Closely spaced multiple mutations as potential signatures of transient hypermutability in human genes

Authors

  • Jian-Min Chen,

    Corresponding author
    1. Institut National de la Santé et de la Recherche Médicale (INSERM), U613, Brest, France
    2. Etablissement Français du Sang (EFS) – Bretagne, Brest, France
    3. Faculté de Médecine et des Sciences de la Santé, Université de Bretagne Occidentale (UBO), Brest, France
    4. Institut Fédératif de Recherche (IFR) 148, Brest, France
    • INSERM, U613 and EFS – Bretagne, 46 rue Félix Le Dantec, 29218 Brest, France
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  • Claude Férec,

    1. Institut National de la Santé et de la Recherche Médicale (INSERM), U613, Brest, France
    2. Etablissement Français du Sang (EFS) – Bretagne, Brest, France
    3. Faculté de Médecine et des Sciences de la Santé, Université de Bretagne Occidentale (UBO), Brest, France
    4. Institut Fédératif de Recherche (IFR) 148, Brest, France
    5. Laboratoire de Génétique Moléculaire et d'Histocompatibilité, Centre Hospitalier Universitaire (CHU) Brest, Hôpital Morvan, Brest, France
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  • David N. Cooper

    1. Institute of Medical Genetics, School of Medicine, Cardiff University, Cardiff, United Kingdom
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  • Communicated by Jacques Beckmann

Abstract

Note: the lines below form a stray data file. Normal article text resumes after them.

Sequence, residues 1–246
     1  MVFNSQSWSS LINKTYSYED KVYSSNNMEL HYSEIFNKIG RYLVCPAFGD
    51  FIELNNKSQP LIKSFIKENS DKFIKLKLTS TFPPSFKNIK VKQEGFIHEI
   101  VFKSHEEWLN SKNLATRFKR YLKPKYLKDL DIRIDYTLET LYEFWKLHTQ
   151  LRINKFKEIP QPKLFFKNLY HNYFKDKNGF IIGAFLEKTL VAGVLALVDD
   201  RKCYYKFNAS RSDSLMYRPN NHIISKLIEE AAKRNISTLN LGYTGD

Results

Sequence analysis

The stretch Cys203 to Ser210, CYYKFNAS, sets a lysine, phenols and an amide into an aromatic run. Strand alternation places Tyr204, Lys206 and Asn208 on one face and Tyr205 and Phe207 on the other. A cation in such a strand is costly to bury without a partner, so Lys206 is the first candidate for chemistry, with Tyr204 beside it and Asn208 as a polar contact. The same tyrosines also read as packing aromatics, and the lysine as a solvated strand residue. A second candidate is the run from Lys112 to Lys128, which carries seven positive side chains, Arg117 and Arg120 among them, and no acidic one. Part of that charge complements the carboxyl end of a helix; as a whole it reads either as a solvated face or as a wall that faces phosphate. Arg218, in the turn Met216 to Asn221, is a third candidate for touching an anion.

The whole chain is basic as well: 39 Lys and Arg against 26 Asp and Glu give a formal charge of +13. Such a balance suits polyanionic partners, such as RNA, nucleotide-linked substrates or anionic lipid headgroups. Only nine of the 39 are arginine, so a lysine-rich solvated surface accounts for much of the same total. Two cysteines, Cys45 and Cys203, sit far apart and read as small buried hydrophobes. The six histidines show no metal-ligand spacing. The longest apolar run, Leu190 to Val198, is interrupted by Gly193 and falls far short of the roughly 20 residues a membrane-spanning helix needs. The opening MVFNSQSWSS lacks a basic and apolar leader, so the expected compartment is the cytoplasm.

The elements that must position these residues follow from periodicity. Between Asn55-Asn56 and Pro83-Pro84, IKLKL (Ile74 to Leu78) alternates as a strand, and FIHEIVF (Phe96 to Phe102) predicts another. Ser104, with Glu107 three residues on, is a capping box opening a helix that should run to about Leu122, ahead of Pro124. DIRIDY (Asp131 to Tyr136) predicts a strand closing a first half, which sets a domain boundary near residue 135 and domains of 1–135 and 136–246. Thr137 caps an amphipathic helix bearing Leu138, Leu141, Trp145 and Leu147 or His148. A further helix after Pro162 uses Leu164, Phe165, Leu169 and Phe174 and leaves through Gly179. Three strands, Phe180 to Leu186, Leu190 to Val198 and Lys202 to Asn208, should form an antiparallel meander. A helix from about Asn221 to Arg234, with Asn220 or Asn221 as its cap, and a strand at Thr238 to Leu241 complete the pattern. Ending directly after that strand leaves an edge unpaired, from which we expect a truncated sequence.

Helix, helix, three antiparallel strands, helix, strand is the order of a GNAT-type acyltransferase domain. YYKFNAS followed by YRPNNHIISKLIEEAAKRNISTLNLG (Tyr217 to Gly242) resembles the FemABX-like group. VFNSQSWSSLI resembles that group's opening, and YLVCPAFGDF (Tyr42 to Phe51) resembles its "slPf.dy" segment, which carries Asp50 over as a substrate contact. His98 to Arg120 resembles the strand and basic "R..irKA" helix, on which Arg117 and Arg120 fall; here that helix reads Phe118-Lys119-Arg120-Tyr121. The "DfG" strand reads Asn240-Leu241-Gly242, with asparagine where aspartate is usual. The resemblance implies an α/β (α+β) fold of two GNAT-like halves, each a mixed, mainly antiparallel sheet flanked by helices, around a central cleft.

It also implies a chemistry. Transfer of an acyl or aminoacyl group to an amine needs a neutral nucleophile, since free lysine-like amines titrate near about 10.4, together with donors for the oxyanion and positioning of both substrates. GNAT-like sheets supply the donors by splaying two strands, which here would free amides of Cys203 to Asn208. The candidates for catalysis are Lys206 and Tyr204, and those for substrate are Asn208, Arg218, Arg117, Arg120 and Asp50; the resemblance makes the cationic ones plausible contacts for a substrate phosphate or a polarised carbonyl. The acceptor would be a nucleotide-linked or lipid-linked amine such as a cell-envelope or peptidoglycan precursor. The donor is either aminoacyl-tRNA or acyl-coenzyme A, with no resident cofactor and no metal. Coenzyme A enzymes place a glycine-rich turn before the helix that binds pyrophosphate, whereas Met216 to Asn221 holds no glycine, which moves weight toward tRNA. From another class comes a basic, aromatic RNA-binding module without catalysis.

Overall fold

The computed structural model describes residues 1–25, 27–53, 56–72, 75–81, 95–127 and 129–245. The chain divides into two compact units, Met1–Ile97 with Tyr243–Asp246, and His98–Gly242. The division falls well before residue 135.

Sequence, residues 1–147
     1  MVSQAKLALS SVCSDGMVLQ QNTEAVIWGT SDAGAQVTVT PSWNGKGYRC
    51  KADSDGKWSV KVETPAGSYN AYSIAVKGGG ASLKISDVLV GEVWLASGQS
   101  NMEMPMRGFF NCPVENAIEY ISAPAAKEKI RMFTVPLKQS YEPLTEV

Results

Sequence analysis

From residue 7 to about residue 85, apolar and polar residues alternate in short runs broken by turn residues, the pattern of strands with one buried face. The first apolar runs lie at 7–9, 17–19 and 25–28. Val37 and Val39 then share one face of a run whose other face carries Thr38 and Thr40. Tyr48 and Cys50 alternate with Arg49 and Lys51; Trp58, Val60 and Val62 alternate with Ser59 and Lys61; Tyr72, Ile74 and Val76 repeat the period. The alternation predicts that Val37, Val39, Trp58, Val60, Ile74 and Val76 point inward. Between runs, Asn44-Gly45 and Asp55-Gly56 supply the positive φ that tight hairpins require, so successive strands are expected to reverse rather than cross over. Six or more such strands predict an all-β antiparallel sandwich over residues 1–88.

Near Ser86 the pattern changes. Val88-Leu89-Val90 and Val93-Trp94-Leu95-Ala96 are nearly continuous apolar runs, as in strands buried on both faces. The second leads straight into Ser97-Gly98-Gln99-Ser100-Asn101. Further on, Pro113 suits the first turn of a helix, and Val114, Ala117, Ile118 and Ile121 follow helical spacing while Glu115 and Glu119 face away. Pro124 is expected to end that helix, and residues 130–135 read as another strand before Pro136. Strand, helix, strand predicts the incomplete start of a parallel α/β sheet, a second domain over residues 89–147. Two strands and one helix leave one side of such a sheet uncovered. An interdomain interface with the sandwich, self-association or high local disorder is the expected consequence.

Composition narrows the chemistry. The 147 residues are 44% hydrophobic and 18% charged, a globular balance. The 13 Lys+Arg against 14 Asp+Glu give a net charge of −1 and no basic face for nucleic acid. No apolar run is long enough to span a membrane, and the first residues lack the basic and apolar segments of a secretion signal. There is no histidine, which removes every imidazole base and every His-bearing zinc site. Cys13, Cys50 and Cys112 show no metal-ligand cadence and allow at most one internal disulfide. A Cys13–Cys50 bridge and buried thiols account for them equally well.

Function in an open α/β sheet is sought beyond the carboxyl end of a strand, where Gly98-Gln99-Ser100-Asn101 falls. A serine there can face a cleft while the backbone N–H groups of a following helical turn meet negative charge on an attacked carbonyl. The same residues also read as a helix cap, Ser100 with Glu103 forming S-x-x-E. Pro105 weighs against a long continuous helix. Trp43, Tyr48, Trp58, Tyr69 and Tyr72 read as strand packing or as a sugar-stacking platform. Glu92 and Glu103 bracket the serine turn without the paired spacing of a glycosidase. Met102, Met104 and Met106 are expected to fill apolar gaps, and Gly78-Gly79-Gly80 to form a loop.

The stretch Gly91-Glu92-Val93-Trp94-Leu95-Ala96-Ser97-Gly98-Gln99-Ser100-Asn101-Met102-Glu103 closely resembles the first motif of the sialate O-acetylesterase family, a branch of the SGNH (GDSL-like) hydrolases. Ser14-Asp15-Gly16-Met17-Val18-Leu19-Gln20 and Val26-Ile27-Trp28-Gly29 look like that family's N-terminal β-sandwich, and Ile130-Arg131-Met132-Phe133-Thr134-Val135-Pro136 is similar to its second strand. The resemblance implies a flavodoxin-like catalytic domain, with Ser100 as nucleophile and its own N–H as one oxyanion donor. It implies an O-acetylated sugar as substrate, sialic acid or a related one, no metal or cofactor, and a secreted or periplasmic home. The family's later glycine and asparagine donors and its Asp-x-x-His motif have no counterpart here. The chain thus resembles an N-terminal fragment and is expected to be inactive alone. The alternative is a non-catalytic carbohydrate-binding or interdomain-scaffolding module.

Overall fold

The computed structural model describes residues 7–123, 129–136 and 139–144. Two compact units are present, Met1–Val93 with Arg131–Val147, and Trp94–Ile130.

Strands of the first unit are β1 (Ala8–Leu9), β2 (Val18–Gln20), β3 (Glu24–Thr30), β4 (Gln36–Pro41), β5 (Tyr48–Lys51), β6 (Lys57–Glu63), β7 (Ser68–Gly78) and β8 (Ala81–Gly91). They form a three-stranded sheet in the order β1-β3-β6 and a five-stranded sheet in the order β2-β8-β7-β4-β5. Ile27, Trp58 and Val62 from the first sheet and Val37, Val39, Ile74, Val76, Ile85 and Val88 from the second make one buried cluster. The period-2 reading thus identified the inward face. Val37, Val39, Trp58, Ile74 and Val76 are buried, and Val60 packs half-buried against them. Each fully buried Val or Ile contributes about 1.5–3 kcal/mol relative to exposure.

Data from diverse organisms suggests that transient hypermutability is a general mutational mechanism with the potential to generate multiple synchronous mutations, a phenomenon probably best exemplified by closely spaced multiple mutations (CSMMs). Here we have attempted to extend the concept of transient hypermutability from somatic cells to the germline, using human inherited disease-causing multiple mutations as a model system. Employing stringent criteria for data inclusion, we have retrospectively identified numerous potential examples of pathogenic CSMMs that exhibit marked similarities to the CSMMs reported in other systems. These examples include (1) eight multiple mutations, each comprising three or more components within a sequence tract of <100 bp; (2) three possible instances of “mutation showers”; and (3) numerous highly informative “homocoordinate” mutations. Using the proportion of CpG substitution as a crude indicator of the relative likelihood of transient hypermutability, we present evidence to suggest that CSMMs comprising at least one pair of mutations separated by ≤100 bp may constitute signatures of transient hypermutability in human genes. Although this analysis extends the generality of the concept of transient hypermutability and provides new insights into what may be considered a novel mechanism of mutagenesis underlying human inherited disease, it has raised serious concerns regarding current practices in mutation screening.Hum Mutat 30:1–14, 2009. © 2009 Wiley-Liss, Inc.

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